Norfolk, Va. (WTKR) - The Navy has announced plans to assist sailors impacted by a plan to shuffle the home ports of several aircraft carriers.
Earlier this week, the Navy announced the changes in home ports for the USS Theodore Roosevelt, USS George Washington and USS Ronald Reagan as part of its effort to strengthen Pacific presence.
The Norfolk-based USS Theodore Roosevelt will shift to San Diego to replace the USS Ronald Reagan.
The Reagan will then move to Yokosuka, Japan to relieve the forward-deployed USS George Washington which will then head to Newport News Shipbuilding for its midlife Refueling and Complex Overhaul (RCOH).
That's where the USS Abraham Lincoln is currently undergoing its RCOH and is scheduled to remain through the end of 2016. Navy officials tell NewsChannel 3 that no home port decision for the Lincoln has been made beyond that.
The Navy has not announced a timeline for the movement of the carriers, but say it's important for the re-balance strategy in the Pacific.
"This move underscores the strategic relevance, worth and value of our forward deployed forces, particularly our nuclear powered aircraft carriers and embarked carrier air wings," said Vice Admiral David Buss, Commander of Naval Air Forces in a statement provided to NewsChannel 3.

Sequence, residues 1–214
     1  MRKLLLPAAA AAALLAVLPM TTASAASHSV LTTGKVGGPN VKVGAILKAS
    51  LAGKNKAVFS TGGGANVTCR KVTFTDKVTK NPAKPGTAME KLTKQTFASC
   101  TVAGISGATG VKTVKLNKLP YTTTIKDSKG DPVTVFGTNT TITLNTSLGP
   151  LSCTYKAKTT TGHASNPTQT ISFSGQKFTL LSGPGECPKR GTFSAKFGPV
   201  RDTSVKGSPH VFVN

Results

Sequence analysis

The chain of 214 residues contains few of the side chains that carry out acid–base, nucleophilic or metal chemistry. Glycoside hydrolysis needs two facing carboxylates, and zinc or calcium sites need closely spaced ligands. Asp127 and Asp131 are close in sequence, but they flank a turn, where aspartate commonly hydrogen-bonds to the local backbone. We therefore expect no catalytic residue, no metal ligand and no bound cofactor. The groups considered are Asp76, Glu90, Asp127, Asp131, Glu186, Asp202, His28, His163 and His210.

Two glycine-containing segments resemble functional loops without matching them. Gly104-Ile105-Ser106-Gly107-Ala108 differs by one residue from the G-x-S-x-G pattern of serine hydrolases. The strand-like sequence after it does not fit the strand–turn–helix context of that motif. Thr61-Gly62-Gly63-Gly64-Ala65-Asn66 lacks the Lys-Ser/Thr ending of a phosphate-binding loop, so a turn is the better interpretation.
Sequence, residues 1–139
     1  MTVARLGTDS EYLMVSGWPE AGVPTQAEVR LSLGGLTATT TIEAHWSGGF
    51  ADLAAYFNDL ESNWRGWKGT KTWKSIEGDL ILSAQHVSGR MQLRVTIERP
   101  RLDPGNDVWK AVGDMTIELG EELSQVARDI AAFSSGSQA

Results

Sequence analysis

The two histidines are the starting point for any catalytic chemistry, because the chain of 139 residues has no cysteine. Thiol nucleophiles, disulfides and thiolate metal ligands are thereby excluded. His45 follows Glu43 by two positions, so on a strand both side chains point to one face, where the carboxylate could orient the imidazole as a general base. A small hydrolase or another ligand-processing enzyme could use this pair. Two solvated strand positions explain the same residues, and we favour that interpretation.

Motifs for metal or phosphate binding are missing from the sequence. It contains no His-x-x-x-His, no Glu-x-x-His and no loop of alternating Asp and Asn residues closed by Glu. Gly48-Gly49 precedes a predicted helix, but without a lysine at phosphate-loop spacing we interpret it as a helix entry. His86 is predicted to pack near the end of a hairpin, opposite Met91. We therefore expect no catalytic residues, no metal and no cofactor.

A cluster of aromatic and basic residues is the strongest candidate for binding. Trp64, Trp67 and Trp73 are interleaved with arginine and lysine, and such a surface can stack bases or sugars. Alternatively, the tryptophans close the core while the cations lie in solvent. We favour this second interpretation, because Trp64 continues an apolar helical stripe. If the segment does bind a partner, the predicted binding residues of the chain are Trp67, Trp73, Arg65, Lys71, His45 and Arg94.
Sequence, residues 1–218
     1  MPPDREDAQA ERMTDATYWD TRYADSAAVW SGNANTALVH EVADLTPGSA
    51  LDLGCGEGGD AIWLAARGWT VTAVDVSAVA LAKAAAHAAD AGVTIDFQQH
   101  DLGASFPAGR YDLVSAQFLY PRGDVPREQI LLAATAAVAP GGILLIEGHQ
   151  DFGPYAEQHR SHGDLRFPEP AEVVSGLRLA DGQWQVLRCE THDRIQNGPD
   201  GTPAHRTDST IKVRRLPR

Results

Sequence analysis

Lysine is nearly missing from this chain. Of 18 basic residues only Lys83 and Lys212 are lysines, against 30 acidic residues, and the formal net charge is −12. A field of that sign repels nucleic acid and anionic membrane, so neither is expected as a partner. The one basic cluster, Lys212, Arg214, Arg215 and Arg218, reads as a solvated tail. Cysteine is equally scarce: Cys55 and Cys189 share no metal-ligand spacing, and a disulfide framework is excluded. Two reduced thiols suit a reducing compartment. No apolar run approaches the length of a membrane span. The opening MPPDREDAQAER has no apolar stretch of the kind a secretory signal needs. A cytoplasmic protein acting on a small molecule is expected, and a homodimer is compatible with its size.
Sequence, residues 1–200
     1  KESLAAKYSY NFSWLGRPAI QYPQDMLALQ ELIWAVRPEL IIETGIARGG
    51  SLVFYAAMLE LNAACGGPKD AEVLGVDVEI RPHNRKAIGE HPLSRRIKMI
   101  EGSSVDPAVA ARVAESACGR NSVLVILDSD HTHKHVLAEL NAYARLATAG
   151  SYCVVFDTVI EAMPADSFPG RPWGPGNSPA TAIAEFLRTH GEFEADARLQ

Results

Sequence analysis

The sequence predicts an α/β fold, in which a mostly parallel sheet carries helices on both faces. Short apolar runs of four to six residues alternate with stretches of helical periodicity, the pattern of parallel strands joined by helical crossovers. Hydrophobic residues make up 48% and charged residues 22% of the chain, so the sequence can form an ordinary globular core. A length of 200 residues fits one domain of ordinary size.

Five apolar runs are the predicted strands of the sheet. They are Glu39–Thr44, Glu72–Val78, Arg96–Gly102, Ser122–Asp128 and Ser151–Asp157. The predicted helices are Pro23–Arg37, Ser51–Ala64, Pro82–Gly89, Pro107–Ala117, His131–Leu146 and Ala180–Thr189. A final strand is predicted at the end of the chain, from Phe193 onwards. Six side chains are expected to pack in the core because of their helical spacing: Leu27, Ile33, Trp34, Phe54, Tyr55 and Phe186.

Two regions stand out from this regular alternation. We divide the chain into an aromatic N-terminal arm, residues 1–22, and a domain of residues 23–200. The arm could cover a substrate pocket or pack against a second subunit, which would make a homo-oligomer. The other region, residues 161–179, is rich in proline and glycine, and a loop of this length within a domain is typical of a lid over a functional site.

"The presence of our forward deployed aircraft carriers powerfully demonstrates our commitment to the security, stability and prosperity of the Indo-Asia-Pacific region," Buss continued.
While the carriers may be moving, many sailors will not have to leave.
"The Navy is making every effort to avoid unnecessary permanent change of station moves for sailors and their families due to the relocation of these aircraft carriers," explained CDR Kevin Stephens, a spokesman for Commander, U.S. Naval Air Forces in a statement to NewsChannel 3.
"While sailors in key leadership positions, sailors with certain specializations or skills sets specific to a particular aircraft carrier may be required to make such moves, the Navy's goal is to minimize the impact the ships' relocations have on personnel," Stephens said.
By next month, a Personnel Action Team will be assigned to each carrier.
Information about how the moves will impact housing allowances, detailing, exceptional family members and other personnel concerns should be released to each of the impacted carriers by the Navy Personnel Command by March, according to Stephens.
The Navy says the ship rotation will not require any changes to the assigned air wings or in the composition of the air wing.